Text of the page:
Acoustic generator 12 may be acoustically coupled to sprinkler head 24 or close to sprinkler head 24 on coupling 26, conduit 22 or lateral pipe 20. As aforementioned, acoustic generator 12 may be intrusive or non-intrusive. If non-intrusive, existing sprinkler systems an be easily upgraded and retrofitted. In like manner, second acoustic receiver 40 and drive means 38 may be intrusive or non-intrusive and integrated with acoustic generator 12. Acoustic generator 12 may be designed to fit a standard sprinkler head coupling 26. Such couplings are commonly used to accommodate the attachment of sprinkler heads having varying water entry orifice sizes. Acoustic generator 12 may also be made a part of sprinkler head 24.
In use, apparatus 10 as described above can be used alone or in combination with a typical flow detector in an automatic fire sprinkler system or in other situations where the presence or absence of flow needs to be detected. Different levels of warning may be provided with a combination of systems. For example, a mechanical flow switch may be used to detect far lower amounts of flow than are necessary to trigger apparatus 10. The output from both systems can be provided to microprocessor 36 which can then send an appropriate signal to display means 30. If the flow is caused by a leak, only the system with the mechanical flow switch signals an, alarm and a notice may be sent to the maintenance crew. If microprocessor 36 receives an alarm signal from both systems, a notice is sent to the fire fighters and the signal from apparatus 10 is processed to provide them with information as to how big and where the fire is located in the building.
In view of the above, it will be seen that the several objects of the invention are achieved and other advantageous results attained. As various changes could be made in the above constructions and methods without departing from the scope of the invention, it is intended that all matter contained in the above description or shown in the accompanying drawings shall be interpreted as illustrative and not in a limiting sense.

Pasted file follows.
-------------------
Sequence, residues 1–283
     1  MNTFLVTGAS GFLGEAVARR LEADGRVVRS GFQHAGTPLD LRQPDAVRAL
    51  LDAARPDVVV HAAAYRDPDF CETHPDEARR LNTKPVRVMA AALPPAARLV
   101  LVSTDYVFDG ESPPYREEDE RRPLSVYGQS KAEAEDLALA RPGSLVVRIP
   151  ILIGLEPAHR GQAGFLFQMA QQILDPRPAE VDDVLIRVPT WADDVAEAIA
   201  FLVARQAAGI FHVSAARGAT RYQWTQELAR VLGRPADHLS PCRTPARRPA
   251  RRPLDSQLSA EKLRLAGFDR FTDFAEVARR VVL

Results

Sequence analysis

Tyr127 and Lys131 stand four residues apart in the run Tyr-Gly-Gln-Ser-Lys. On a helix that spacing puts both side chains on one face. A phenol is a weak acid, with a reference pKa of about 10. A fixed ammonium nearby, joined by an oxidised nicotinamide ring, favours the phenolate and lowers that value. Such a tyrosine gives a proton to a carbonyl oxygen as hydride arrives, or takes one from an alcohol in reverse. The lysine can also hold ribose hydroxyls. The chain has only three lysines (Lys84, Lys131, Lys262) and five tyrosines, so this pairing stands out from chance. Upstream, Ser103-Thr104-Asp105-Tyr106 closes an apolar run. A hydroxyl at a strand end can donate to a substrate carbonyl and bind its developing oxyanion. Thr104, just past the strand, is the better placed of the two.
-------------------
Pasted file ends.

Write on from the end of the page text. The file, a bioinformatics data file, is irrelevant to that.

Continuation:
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|US7567182 *||Jun 3, 2004||Jul 28, 2009||Honeywell International Inc.||Acoustic fire sensing system|
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|U.S. Classification||340/603, 340/286.05, 702/48, 73/861.23, 340/606, 702/54, 73/861.18, 73/290.00V|
|International Classification||G01M3/24, G08B21/00|
|Cooperative Classification||G01M3/243, G01P13/0073, B05B12/008, A62C35/68|
|Apr 22, 2004||AS||Assignment|
Owner name: POTTER ELECTRIC SIGNAL COMPANY, MISSOURI
Free format text: ASSIGNMENT OF ASSIGNORS INTEREST;ASSIGNOR:GTM TECHNOLOGIES, L.L.C.;REEL/FRAME:015236/0282
Effective date: 20040405
|Jan 14, 2008||AS||Assignment|
Owner name: NATIONAL CITY BANK COMPANY, OHIO
Free format text: ASSIGNMENT OF ASSIGNORS INTEREST;ASSIGNOR:POTTER ELECTRIC SIGNAL COMPANY, LLC;REEL/FRAME:020353/0896
Effective date: 20080103
|Sep 14, 2008||FPAY||Fee payment|
Year of fee payment: 4
|Dec 12, 2008||AS||Assignment|
Owner name: POTTER ELECTRIC SIGNAL COMPANY, LLC, MISSOURI
Free format text: ASSIGNMENT OF ASSIGNORS INTEREST;ASSIGNOR:POTTER ELECTRIC SIGNAL COMPANY;REEL/FRAME:021965/0728
Effective date: 20081203
|Nov 5, 2010||AS||Assignment|
Owner name: POTTER ELECTRIC SIGNAL COMPANY, LLC, MISSOURI
Free format text: RELEASE BY SECURED PARTY;ASSIGNOR:PNC FINANCIAL SERVICES GROUP, INC. F/K/A NATIONAL CITY BANK COMPANY;REEL/FRAME:025328/0084
Effective date: 20101001